Has anyone experienced Guru Nanak Ji

Course of the service

Greetings from Guru Granth Sahib

Once in the Diwaan Hall, visitors first greet Guru Granth Sahib by bowing to him. In doing so, they show their willingness to open up to his message. They then usually sit cross-legged on the floor, which is often covered with white towels. Men sit on one side, women on the other.

Kirtan - God's hymn of praise

There is a stage next to the “Guru Granth Sahib”. The verses of the Scriptures are sung and explained there. Harmonium and tabla (Indian drums) are the two instruments most commonly used for musical accompaniment.

Anand Sahib- True Joy

When the kirtan and explanations are over, verses of the 3rd Guru, the Anand Sahib, will be sung. This hymn describes the state of consciousness of the human being, who through the help of the Guru knows God in himself and has become one with Him. The 3rd Guru experienced this and described him as "the true joy" (Anand).


Ardaas is a prayer that is said while standing. In this prayer God is remembered first, then the 10 gurus and the Sikhs men and women who gave their lives to keep the message of the scriptures and for justice. At the end there is prayer for the good of all humanity.


The Hukumnama reads from the “Guru Granth Sahib”. Meditate on the meaning of the verses read by letting them sink in and absorbing them. Your content will be taken as inspiration for the day.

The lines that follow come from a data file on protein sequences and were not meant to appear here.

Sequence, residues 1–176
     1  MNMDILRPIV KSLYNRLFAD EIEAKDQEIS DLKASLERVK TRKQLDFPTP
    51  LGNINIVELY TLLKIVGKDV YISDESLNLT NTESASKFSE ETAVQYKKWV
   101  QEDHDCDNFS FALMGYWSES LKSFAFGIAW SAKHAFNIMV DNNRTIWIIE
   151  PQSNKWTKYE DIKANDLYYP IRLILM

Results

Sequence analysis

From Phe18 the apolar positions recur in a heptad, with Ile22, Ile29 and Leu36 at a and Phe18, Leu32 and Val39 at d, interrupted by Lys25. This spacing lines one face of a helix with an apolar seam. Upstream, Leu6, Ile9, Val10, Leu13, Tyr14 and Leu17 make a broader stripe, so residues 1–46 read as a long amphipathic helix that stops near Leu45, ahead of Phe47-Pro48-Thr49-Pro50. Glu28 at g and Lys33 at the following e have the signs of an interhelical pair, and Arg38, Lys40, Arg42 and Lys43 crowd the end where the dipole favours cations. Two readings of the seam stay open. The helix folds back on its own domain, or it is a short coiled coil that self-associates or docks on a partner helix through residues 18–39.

A soft, light brown porridge is distributed at the end of the service. You take it with both hands. This dessert consists of wheat flour, sugar, butter and water. It's a blessing. Parschaad is a symbol of the inner blessing that the spirit receives when it connects with God.

Langar - eating together

After the service, all those present take part in a common meal. The tradition of the "Langar" was introduced by the first guru, Guru Nanak Dev Ji, and established as an integral part of the Sikh community by the third guru. Guru Nanak fought for equality for all people. People from all castes and religions sit next to each other on the floor and eat together. Thus the inequality of castes, religions and sexes was banished from the Sikh tradition.

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